Even with windows you can run rsync if you install Cygwin and it's sshd.
If you can put the second machine in a distant room (garden shed, detached garage) that's unlikely to go up in the fire, that's better.
Gregory Peck's role in 12 O'Clock High is also a good example of effective management.
Leadership, on the other hand is much over-rated.
Only if one believes in the mission above all else, including personal sanity. That's a pretty doubled edged example, there, Mr. Conspiracy! (Which is why it's a great story and film.) And I think most people would rate it as leadership first, management second. It's the General above Savage who is doing the managing.
If it's really important, I email a copy to myself via a free email account.
Python has a built in LOGO library so I'll add that as another reason Python is a great language to start off with. It's easy to get started with yet powerful enough to write useful programs. I started as a wee lad with Apple's BASIC which is pretty much useless these days but if Python was around back then, I'm sure it would have been on my radar.
SyFy is going the way of MTV. I can't remember the last time I saw actual music being played on MTV. I predict that SyFy will devolve into a channel that offers nothing but reality shows, pro wrestling, and other cheaply produced drek.
I've read a lot of database books in my time, and been around some of the biggest rdbms instances on the net. Here's probably my top three:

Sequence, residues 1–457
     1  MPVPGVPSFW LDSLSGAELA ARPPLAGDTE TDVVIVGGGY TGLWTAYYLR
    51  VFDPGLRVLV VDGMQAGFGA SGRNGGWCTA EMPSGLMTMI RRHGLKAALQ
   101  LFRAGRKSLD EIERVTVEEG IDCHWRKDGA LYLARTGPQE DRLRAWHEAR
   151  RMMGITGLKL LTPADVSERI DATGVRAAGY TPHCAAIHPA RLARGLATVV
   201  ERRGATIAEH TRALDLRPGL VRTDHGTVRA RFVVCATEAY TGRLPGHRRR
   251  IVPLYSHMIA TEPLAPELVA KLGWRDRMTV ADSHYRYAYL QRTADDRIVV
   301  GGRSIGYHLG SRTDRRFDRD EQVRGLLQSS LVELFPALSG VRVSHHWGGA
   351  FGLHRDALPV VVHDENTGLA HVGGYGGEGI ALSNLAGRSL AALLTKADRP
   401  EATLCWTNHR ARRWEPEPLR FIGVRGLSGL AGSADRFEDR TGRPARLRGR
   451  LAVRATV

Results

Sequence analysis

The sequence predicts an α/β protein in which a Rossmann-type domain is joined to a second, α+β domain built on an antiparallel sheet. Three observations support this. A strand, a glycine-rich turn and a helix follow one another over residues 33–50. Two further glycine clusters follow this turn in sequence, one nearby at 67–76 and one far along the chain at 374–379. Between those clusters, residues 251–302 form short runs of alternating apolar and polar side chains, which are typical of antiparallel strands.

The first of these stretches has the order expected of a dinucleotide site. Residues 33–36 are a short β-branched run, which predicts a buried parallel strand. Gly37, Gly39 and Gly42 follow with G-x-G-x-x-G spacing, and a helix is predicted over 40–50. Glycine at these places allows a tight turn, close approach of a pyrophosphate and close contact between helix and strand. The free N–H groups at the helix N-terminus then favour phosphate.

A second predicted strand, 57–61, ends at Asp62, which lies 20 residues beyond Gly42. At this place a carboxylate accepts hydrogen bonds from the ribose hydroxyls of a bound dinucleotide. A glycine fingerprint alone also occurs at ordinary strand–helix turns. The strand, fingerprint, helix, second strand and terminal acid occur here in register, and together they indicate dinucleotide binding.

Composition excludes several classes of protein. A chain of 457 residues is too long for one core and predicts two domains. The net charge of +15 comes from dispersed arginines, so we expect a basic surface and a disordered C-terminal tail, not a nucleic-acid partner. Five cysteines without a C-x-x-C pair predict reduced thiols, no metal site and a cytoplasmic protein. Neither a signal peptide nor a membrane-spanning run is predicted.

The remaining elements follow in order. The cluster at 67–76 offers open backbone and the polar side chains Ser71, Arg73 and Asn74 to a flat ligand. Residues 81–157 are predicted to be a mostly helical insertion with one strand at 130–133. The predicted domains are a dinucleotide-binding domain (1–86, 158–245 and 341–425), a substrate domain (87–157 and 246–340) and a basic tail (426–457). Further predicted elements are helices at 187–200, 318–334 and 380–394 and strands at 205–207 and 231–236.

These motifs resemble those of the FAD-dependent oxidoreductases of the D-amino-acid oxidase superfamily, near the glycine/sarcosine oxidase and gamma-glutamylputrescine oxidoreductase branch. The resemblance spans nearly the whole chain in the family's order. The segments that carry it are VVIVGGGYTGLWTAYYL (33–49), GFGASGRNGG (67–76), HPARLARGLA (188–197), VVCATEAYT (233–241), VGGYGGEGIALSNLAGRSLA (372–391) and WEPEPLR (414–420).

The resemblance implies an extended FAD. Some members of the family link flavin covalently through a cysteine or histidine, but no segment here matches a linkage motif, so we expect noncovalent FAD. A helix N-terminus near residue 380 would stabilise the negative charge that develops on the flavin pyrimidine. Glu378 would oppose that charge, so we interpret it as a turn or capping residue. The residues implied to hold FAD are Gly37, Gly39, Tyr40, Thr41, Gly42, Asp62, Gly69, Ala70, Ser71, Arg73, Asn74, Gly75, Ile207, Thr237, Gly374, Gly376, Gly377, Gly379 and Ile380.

1) If you don't know SQL, O'Reilly's _Learning SQL_ is the best intro I've seen. This doesn't sound like what you're looking for, though.
2) If you know SQL reasonably well, but you want to get much better, I can't recommend O'Reilly's Theory In Practice book _The Art of SQL_ highly enough. I don't have it in front of me to remember precisely why I liked it so much, but it's outstanding. If you're going to get one book, get this one.
3) To really get the theory of databases, one of CJ Date's books is good. Someone else recommended _Databases in Depth: Relational Theory for Practitioners_, and I recall that looking pretty good when I skimmed it once. I would also recommend _Foundation for Object / Relational Databases: The Third Manifesto_, which I found to be very educational. You need to be careful with Date, though, because he tends to advocate how things "should work", not how databases actually work, and so you may find him advising you to do things that are actually bad ideas on your database of choice, so balance this off against good books for your specific DB
4) If you need to build large data warehouses (doesn't sound like you, yet), then Ralph Kimball's _The Data Warehouse Toolkit_ is all you will need to understand the theory. Unfortunately, effective warehousing is especially tied to your database of choice, so you'll want to hit the product manuals even harder here.
5) If you need to do OLAP (also not likely), there's only one generic book that's particularly good at all for the concepts, _OLAP Solutions_ by Erik Thomsen, and even that is not that generic. Unfortunately most OLAP and BI stuff is highly vendor-specific.
Joe Celko's books are also pretty good, in my experience, but I wouldn't buy them before the above.
I've got no problem re-using engines, artwork, characters or anything else in games, as long as the narrative and situations are interesting.
Alas, most prop planes are turboprops these days, so they have the same problems. The size of plane that has actual piston engines would need 50 flights just to get one jetliner worth of people home.
They also require a different fuel that probably isn't available at the large airports that are prepared for large numbers of passengers milling around.
The most difficult thing in the world is to know how to do a thing and to watch someone else doing it wrong, without commenting. -- T.H. White